Sunday, September 16, 2012

Altersarmut

Ein Gespenst geht um in Deutschland, das Gespenst der Altersarmut (A specter is haunting Germany, the specter of old-age poverty). Marx may not pardon me but I could not find a better introduction to another chapter of German angst. Altersarmut, admire the efficiency of the German language expressing all that misery just in one word what in English is translated possibly best into poverty among the elderly. I am sure Altersarmut will be elected Germany's Unwort 2012, the ugliest word of the year.

Germany's age pyramid in 1911
It is obvious and had been known for a long time that in the future fewer young earners have to support more old-age pensioners. Just look at Germany's age pyramid. What in 1911 looked like the top of a fur tree now resembles a mushroom.

Germany's age pyramid in 2011
It was Bismarck who had pushed for a social security system in Germany in the late 1880ies not because he pitied the misery of the working class but he tried to cut the ground from under the socialists' feet. Germany's old-age pension is based on the so called generation treaty i.e. the young are paying into the system financing the pensions for the retired. This works fine in case the age structure shows a natural evolution but who envisaged that people now live longer than in the past (increasing the cost for medicare by the way) and that young couples have less children than our grandparents. I still remember discussions in Germany during my young years about how to finance future social security benefits in view of the people lost during the last war not contributing to the system. When looking at today's age pyramid you will still notice a dent for the period in question but that is nothing compared with the  distorted present day age structure.

To better balance the social security system our government had introduced two palliative measures a few years ago: lowering the level of pensions from 50% of the average income to 43% until the year 2030 and increasing the age of retirement from 65 to 67 years during the same period. My organization had forced me like everybody else in the house to retire at the age of 65. I still remember my American friends shaking their heads when learning that. One of them even said that he cannot afford retirement for his institute had invested their pension fund in stocks that had lost money and so his pension had.

In Germany in the past years people were urged to put part of their earned money into a private old-age insurance. Like in Switzerland nowadays our system is based on three pillars (as they call it) legally bound, occupational, and private insurance. However, with the presently low interest rates people see their financial efforts made to assure them decent pensions melting down with low interest rates and inflation. On the other hand many persons had low earnings at times or were even unemployed during their working life. They will face mini pensions or even Altersarmut.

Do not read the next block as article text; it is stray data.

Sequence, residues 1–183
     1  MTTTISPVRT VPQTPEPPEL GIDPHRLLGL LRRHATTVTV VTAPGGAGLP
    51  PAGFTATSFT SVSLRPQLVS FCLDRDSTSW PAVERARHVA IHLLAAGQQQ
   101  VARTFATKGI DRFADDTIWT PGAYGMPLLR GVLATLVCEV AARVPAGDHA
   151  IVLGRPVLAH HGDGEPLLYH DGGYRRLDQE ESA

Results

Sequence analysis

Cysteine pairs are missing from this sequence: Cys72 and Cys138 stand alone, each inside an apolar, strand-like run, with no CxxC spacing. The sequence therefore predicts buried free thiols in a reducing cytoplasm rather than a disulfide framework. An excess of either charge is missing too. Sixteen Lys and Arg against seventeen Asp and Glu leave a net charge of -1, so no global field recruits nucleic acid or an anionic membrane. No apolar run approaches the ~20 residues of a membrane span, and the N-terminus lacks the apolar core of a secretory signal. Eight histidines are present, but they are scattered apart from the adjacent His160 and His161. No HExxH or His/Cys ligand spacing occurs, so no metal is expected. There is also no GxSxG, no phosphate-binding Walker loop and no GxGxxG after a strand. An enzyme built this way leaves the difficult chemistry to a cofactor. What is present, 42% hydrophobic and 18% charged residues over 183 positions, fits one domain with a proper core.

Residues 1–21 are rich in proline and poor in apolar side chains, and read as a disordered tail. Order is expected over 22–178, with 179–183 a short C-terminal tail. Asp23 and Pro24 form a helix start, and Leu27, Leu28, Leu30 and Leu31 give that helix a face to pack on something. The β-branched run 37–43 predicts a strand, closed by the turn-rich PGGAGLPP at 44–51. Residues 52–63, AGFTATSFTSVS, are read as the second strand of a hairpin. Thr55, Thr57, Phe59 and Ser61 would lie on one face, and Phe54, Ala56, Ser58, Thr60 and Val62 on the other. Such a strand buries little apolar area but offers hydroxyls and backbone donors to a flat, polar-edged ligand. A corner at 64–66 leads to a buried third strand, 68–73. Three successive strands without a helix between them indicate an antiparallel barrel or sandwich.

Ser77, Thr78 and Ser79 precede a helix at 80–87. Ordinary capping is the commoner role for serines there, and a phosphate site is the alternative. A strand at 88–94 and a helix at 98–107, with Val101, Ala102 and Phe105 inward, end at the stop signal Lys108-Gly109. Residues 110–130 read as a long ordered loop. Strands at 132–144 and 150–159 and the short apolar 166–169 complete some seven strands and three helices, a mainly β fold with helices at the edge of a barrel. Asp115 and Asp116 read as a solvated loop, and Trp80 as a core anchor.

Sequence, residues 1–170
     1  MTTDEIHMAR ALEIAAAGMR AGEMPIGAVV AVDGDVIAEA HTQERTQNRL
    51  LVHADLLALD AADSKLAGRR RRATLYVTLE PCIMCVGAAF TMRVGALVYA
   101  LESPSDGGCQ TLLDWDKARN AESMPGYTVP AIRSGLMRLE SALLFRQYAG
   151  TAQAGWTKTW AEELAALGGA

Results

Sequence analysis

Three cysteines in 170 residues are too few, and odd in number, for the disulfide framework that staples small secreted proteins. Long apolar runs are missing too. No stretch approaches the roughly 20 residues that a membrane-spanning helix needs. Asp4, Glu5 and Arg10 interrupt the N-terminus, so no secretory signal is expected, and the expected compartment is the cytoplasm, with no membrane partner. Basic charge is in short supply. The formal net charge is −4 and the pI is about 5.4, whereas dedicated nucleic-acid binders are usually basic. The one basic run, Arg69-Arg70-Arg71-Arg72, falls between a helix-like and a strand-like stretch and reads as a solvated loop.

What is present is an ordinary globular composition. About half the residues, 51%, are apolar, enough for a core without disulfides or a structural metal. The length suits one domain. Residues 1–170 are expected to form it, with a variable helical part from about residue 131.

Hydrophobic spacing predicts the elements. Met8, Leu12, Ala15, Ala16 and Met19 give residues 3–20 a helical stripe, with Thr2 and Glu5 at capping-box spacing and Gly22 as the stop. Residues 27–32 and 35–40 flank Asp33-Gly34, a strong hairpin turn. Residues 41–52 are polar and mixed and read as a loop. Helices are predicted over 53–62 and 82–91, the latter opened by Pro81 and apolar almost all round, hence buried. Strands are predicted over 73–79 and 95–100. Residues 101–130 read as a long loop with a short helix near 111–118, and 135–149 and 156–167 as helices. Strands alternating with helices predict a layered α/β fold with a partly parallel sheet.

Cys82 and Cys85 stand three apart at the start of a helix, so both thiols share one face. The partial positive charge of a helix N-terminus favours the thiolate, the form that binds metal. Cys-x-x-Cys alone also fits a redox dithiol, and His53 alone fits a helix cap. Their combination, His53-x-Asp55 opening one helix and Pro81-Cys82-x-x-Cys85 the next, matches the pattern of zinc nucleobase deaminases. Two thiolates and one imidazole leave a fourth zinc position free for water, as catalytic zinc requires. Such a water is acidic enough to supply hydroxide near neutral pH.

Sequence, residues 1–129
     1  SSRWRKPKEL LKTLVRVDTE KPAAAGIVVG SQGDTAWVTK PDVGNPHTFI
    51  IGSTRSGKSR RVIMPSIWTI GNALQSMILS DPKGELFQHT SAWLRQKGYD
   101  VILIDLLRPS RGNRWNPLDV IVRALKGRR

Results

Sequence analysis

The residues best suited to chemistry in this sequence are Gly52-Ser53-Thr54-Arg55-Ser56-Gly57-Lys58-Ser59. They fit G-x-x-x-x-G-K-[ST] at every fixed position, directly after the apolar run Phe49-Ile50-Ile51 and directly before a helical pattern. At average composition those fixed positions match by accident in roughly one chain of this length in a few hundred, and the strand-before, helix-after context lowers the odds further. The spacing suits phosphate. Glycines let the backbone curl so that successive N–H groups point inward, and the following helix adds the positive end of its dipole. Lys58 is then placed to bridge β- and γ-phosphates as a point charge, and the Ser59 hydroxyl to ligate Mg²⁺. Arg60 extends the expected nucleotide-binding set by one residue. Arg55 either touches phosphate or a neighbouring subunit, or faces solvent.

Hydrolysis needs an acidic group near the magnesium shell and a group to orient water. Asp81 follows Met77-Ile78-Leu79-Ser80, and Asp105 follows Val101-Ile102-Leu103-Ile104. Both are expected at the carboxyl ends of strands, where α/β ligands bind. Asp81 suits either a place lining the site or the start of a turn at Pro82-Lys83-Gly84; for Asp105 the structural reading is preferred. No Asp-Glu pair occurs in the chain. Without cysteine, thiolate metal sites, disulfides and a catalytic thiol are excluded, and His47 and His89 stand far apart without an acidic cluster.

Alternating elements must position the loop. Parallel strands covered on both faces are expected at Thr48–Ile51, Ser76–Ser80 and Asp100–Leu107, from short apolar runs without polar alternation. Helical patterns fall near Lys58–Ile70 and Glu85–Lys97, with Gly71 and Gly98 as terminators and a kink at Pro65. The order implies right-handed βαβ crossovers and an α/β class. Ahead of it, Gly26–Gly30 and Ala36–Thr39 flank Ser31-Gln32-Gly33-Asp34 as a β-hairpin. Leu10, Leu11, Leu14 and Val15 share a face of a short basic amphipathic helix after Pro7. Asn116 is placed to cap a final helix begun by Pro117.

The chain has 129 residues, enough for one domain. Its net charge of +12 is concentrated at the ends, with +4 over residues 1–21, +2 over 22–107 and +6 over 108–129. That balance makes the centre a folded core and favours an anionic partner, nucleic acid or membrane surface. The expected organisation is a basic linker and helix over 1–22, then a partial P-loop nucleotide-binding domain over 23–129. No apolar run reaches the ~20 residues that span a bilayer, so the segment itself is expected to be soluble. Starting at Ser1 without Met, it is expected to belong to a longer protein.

A few weeks ago our Christian Democrat federal minister for social affairs forwarded an old idea in breaking the rule that in Germany pensions mirror your financial contributions. She proposed toping up all mini pensions to a level that people can survive on taking money from the social security system. It is true that presently the system has a surplus but what will happen (and it happened in he past) if the social security fund gets into the red? Taxpayer's money will then fill the deficit meaning that again the working young people will support the old. The head of the opposition Social Democratic Party said: Let us not take the hidden detour proposed by the minister but use taxpayer's money right away to guarantee everybody a survival pension. Since the difference between the government and the opposition was only marginal an agreement could have been found but the trade unions did not agree. They requested to increase the level of pensions to the original 50% of the average income in combination with the age of retirement lowered again to 65.  In returning to square minus one! they did not specify how to finance their proposal.

You can turn it around as long as you wish: the battle of generations for the share of wealth will become harder. Our grandchildren will have to work longer to meet both ends, some until they kick the bucket. Already now more people following their retirement continue to work or take up new occupations in Germany than our government is willing to admit. Why don't they just tell us the truth? Again, it is the usual Volksverdummung (brainwashing) of the voters.

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